Welcome to Week 3 cooking class for kids.  This class was a shorter one, but packed with valuable information.

kids cookingThe first goal for Week 3 cooking class was to learn what we call wet or dry ingredients and how to measure them.  The second goal was to learn some differences between baking and cooking.

It is so hard to get many of the grandchildren together at the same time with their busy schedules.  They go to school and then they are all active in their sports.  Cooking with Grandma Honey gets worked in between other activities.   I try to at least keep ones together that are in the same age group.

Here are some things we covered in Week  3 cooking class.


Dry ingredients are things like flour, sugar, spices, baking powder, and baking soda.  We discussed how these ingredients should be stored in closed containers, check the expiration date on them, and how to organize a baking area in a kitchen. 

cooking class for kidskids cooking class, kitchen organization kids cooking class, kitchen organization


kids cooking, oxo, kitchen organizationI love to use the OXO clear plastic storage containers.  They come in a variety of sizes and fit nicely in my pantry.  The best feature is that the top opening is so wide, you can scoop right down in them with your measuring cups.  It is so easy to line up the ingredients you will be needing for your recipe.

kids cooking class, oxo, kitchen organizationI also use them to organize my cake decoration tools, and cupcake paper liners.

kids cookingHere are the measuring cups and spoons we use for dry ingredients. The way I measure mine is called the scoop and sweep method. 

kids cooking Fill a measuring cup overflowing with flour or sugar, and then scrape it off, using the back of a butter knife to level it.  I measure my spices and other dry ingredients the same way, using a measuring spoon.  

Brown sugar is the one dry ingredients you always pack down in the cup when you are measuring it.

The children practiced measuring different ingredients.  I told them that usually a recipe will have you to combine the dry ingredients together in a bowl before adding them to the wet ingredients.  I like to combine mine together with a whisk.

Wet Ingredients are things like water, vanilla, other extracts, eggs, milk, or cooking oils. 

kids cookingkids cookingThe wet ingredients need to be measured in a glass, or clear plastic measuring cup so you can see the line on the cup.  Do not hold it up to read.  Sit it on the counter and bend down to look at it.  I do have an OXO measuring cup that has an angle, so that you can read it without bending over.

It is important to read each recipe carefully, as far as the measurements, and in which order the recipe tells you to combine them.  When adding the dry ingredients to a recipe, do not add all at once. It is best to add in 3 parts.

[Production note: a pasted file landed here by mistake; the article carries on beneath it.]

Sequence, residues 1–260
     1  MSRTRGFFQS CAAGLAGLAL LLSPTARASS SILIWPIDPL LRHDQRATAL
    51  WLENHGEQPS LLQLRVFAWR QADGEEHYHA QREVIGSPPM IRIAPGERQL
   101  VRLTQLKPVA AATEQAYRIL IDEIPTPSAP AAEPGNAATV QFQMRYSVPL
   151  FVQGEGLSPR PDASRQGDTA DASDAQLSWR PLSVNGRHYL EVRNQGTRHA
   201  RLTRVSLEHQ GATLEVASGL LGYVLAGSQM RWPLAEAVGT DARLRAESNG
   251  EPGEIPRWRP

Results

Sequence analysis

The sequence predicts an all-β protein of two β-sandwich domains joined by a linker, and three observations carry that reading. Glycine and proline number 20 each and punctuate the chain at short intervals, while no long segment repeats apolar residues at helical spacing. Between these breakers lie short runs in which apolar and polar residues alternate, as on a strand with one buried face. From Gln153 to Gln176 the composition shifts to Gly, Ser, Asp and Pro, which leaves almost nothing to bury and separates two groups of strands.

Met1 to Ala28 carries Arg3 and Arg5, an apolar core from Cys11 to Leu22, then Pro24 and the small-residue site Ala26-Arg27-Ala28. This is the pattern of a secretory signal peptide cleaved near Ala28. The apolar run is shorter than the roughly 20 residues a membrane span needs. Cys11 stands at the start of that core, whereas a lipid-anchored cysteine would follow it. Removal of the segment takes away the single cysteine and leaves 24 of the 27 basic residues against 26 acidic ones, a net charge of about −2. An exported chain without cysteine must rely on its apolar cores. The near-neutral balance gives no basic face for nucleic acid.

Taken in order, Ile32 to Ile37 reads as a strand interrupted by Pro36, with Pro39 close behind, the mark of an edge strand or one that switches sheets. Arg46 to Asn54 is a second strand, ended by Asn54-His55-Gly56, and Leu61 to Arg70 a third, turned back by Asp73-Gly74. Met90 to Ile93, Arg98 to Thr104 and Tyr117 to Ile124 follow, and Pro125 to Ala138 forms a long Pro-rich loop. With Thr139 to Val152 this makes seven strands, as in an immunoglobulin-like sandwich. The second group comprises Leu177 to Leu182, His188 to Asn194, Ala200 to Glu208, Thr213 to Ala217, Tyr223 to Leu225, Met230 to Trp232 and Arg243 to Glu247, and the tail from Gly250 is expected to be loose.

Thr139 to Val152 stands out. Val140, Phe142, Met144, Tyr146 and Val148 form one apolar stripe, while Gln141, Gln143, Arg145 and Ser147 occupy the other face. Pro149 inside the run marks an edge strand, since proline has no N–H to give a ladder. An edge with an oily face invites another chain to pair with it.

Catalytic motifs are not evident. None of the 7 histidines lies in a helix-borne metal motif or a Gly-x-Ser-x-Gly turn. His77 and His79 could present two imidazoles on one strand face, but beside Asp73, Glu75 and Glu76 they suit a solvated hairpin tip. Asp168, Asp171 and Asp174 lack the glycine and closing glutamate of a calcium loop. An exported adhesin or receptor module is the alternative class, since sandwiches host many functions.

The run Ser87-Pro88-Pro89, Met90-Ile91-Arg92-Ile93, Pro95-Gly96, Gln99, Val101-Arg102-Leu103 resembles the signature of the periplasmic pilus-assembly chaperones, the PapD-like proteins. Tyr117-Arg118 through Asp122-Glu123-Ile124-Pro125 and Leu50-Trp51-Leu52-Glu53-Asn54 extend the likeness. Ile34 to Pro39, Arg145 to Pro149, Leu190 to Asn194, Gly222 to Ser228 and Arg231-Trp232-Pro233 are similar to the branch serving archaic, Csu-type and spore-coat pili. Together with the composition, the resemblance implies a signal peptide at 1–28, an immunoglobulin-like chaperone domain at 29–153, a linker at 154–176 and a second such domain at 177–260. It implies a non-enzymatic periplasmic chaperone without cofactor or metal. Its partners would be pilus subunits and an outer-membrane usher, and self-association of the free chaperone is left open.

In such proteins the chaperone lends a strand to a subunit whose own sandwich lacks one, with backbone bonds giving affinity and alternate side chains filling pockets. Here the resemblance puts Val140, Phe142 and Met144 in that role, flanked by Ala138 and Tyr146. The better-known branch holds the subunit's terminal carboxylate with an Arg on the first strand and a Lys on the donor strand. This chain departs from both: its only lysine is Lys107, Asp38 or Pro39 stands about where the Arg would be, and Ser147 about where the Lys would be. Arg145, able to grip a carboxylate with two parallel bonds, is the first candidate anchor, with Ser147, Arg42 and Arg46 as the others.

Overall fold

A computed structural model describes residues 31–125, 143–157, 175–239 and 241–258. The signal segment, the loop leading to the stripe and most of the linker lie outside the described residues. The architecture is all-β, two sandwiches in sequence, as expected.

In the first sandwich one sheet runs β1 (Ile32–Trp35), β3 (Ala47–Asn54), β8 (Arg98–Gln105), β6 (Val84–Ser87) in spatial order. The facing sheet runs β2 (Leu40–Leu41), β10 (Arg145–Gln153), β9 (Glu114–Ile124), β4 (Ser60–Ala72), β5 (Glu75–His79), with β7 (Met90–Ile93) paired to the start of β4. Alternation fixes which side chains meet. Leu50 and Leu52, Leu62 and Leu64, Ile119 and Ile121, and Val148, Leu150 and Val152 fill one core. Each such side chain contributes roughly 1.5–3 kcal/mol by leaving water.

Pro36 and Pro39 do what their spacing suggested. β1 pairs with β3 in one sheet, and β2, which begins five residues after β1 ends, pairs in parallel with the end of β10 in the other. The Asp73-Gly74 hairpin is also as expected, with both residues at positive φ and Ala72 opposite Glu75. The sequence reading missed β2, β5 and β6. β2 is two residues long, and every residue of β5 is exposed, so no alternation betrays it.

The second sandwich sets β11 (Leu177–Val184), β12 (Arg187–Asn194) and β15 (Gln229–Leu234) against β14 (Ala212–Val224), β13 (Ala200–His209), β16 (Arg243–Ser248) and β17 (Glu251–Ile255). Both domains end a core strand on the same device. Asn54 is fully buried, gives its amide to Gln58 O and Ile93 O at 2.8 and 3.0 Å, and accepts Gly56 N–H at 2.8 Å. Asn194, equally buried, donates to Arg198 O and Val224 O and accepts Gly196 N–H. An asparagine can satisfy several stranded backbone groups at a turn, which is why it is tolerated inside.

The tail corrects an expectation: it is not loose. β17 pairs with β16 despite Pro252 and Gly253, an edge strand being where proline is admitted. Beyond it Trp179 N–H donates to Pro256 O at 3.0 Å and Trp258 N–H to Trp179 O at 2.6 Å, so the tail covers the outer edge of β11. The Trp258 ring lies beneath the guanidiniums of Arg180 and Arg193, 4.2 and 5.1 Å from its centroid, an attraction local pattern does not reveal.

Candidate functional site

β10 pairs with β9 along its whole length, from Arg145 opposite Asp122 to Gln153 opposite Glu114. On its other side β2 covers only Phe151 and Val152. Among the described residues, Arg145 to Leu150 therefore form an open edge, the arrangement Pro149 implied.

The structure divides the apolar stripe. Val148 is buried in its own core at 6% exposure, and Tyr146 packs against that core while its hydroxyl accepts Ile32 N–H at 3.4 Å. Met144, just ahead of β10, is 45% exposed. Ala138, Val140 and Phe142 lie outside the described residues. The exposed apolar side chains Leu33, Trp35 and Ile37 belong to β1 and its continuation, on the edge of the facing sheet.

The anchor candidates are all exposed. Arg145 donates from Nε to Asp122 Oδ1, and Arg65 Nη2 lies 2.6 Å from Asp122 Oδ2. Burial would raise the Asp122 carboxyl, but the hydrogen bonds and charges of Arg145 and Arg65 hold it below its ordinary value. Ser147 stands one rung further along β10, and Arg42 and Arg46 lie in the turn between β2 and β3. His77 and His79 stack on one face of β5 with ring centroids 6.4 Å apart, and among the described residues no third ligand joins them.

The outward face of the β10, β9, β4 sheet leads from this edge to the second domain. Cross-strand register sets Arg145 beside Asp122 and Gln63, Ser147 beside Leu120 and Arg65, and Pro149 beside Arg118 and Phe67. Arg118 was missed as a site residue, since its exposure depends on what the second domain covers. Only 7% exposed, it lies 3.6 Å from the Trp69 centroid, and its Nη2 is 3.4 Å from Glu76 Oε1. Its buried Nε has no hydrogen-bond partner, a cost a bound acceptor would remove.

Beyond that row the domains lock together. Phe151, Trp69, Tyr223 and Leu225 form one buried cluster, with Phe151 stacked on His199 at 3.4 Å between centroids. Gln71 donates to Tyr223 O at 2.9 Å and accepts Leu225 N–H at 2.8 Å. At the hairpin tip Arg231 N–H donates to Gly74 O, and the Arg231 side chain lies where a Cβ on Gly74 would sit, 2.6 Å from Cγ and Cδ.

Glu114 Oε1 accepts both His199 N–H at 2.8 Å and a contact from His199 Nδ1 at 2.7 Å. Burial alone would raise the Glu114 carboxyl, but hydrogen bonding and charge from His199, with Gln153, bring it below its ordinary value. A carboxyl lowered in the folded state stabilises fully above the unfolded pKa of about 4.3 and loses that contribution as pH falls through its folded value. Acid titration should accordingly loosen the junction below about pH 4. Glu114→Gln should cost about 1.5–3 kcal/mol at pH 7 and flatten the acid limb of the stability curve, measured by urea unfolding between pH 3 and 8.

Other ingredients we needed to measure are baking chips, butter, Crisco shortening, and pumpkin.

kids cookingkids cookingFor this little beauty, her measuring expertise was “how much” and how many.  You can never have too much icing on a cupcake or too many cookies on the tray that is going to your own house.  She kept telling me why the other kids did not need as many cookies as she did!


I told the children that a lot of times people will use these terms for each other but there is a big difference.  The easiest way I could explain to them was that in cooking, you can be very creative, you can add ingredients to a recipe, and the amount does not have to be exact.  (Now you do not want to add a large amount of something like salt by mistake) 

As I have heard them say many times on Food Network,  baking is like a chemistry and has to be exact.  You need to follow a recipe very carefully.  When you are making a recipe, there are some simple things you can change like white chips for chocolate,  vanilla for almond extract, or the kind of nuts you use.  You cannot change the amounts of the leavening agents (baking soda, baking powder, cream of tartar) or amounts of butter, flour or eggs.

Week 3 cooking class was a success, and the older children were more aware of these concepts than they were when we started the day.  The younger class did not understand measuring , but they had fun scooping out the flour and sugar.

kids cooking classThis little guy helped his mommy measure strawberries.

We are now ready to actually start cooking or baking in our classes.

Next week’s post will be on BREAKFAST with some yummy recipes.

 Here are the previous 2 weeks in case you missed them.

Week 1 Cooking Class for Kids

Week 2 Cooking Class for Kids

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  1. Saw Grandpa Bob’s dog sauce. I’m excited, going to make it tomorrow for Sunday ‘s outing. Sounds delicious. Thanks for posting and thanks to Grandpa Bob. Have great weekend.

    1. Thank you so much!! I hope it turns our good for your cook out. We had it last night at ours and everyone gave great reviews on it.

  2. I learned right along with the kiddoes on this one! I never dare try subbing ingredients like “real” cooks do – and now I’m glad to know that baking does not (usually) allow for that luxury!
    “This little beauty” – you are not kidding! And that little guy who’s up on FB today? The one who called you “grandma honey bee?” Well, he’s just as precious!

  3. I can’t wait to see how much fun they have actually making something for us next week! You are teaching them such valuable stuff for their futures!

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